3.6   Correspondent Router (CR)  . . . . . . . . . . . . . . . . 10


   4.  Nested Mobility Terms  . . . . . . . . . . . . . . . . . . . . 10
     4.1   Nested Mobile Network (nested-NEMO)  . . . . . . . . . . . 11
     4.2   root-NEMO  . . . . . . . . . . . . . . . . . . . . . . . . 11
     4.3   parent-NEMO  . . . . . . . . . . . . . . . . . . . . . . . 11
     4.4   sub-NEMO . . . . . . . . . . . . . . . . . . . . . . . . . 11
     4.5   root-MR  . . . . . . . . . . . . . . . . . . . . . . . . . 11
     4.6   parent-MR  . . . . . . . . . . . . . . . . . . . . . . . . 11
     4.7   sub-MR . . . . . . . . . . . . . . . . . . . . . . . . . . 12


   5.  Multihoming Terms  . . . . . . . . . . . . . . . . . . . . . . 13
     5.1   Multihomed host or MNN . . . . . . . . . . . . . . . . . . 13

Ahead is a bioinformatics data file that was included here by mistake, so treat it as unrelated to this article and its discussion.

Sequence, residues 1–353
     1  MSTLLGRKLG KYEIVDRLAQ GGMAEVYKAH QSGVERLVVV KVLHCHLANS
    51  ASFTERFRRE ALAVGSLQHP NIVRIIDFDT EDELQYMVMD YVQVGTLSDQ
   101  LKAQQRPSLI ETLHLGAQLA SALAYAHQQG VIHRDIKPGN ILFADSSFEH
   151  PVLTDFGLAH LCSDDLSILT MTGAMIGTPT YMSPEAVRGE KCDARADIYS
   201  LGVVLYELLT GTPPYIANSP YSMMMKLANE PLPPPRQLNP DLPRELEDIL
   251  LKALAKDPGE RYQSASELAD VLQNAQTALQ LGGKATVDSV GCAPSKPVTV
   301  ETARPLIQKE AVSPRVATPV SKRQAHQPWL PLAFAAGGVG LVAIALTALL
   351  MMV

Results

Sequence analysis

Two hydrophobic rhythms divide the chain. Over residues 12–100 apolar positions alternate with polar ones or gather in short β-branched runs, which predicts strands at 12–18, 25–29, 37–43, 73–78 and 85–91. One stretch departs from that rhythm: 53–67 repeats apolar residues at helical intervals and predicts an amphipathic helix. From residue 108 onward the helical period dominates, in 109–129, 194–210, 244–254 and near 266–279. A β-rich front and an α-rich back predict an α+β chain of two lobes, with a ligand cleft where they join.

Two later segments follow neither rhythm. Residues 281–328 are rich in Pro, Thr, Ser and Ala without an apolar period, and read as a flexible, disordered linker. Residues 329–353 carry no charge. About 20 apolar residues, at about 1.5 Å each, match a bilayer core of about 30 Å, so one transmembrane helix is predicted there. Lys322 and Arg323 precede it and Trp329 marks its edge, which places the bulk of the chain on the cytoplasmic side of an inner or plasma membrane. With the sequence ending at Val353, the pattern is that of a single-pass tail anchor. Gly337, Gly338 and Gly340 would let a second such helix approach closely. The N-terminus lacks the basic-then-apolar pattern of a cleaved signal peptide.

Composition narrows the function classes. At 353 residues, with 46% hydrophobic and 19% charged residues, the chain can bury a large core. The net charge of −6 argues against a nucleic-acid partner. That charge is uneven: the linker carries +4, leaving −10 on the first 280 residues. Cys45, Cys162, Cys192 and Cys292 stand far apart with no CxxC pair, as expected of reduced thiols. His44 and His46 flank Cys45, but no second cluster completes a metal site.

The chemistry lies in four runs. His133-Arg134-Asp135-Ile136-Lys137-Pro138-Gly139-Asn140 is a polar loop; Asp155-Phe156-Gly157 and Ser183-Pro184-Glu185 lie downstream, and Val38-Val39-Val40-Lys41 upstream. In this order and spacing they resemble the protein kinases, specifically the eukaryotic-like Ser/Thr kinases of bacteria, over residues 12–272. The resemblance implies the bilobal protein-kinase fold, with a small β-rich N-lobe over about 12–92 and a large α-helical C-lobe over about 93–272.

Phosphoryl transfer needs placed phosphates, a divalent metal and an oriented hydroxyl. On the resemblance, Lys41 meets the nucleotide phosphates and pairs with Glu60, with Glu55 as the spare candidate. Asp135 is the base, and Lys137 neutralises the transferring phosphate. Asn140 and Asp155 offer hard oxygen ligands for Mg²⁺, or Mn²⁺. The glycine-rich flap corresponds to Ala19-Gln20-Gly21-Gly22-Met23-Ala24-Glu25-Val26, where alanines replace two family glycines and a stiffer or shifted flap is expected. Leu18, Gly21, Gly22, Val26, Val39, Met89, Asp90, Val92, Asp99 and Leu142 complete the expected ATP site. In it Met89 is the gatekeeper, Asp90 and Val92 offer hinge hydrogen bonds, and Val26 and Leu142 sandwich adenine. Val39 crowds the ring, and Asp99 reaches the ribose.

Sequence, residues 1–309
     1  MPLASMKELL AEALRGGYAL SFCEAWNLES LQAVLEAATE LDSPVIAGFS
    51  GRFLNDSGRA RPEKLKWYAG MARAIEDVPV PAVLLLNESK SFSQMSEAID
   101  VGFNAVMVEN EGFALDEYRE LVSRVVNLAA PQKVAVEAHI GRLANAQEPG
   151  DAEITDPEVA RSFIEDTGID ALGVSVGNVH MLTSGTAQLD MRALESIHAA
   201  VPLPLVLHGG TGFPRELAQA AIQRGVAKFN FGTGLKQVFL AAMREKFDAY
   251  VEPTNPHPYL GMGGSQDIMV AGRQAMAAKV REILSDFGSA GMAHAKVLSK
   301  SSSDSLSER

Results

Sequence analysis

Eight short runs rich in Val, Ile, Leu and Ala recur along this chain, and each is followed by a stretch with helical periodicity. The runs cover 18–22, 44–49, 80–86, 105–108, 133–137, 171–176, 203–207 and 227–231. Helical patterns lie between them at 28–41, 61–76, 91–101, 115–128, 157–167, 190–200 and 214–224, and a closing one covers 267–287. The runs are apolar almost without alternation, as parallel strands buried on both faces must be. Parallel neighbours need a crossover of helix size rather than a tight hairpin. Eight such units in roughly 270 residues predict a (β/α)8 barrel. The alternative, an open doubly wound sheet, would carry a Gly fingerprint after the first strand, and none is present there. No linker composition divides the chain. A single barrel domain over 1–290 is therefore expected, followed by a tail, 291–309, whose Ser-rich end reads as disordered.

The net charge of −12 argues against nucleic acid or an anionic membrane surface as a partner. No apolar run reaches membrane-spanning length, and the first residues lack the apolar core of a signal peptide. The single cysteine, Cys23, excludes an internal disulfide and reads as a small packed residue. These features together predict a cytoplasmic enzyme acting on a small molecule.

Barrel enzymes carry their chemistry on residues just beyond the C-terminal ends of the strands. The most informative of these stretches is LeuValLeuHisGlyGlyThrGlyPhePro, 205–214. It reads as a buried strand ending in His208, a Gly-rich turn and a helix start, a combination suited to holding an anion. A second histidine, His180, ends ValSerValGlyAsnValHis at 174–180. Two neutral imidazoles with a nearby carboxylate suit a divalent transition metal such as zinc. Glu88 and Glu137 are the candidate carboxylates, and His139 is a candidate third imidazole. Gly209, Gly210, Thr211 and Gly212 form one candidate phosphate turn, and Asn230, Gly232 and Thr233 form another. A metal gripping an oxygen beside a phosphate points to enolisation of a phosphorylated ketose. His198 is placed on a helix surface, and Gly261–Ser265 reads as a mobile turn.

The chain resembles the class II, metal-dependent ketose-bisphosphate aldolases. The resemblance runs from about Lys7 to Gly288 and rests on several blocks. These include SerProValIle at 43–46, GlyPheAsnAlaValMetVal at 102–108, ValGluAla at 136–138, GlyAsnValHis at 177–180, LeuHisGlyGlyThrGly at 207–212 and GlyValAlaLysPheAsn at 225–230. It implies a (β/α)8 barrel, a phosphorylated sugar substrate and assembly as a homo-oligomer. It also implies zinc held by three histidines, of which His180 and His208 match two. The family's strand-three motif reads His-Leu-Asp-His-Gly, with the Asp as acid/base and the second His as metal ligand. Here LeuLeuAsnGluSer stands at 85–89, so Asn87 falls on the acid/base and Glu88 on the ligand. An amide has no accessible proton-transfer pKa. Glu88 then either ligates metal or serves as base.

5.2   Multihomed Mobile Router . . . . . . . . . . . . . . . . . 13
     5.3   Multihomed Mobile Network (multihomed-NEMO)  . . . . . . . 14
     5.4   Nested Multihomed Mobile Network . . . . . . . . . . . . . 14
     5.5   Illustration . . . . . . . . . . . . . . . . . . . . . . . 15


   6.  Home Network Model Terms . . . . . . . . . . . . . . . . . . . 16
     6.1   Home Link  . . . . . . . . . . . . . . . . . . . . . . . . 16
     6.2   Home Network . . . . . . . . . . . . . . . . . . . . . . . 17
     6.3   Home Address . . . . . . . . . . . . . . . . . . . . . . . 17
     6.4   Mobile Home Network  . . . . . . . . . . . . . . . . . . . 17
     6.5   Distributed Home Network . . . . . . . . . . . . . . . . . 17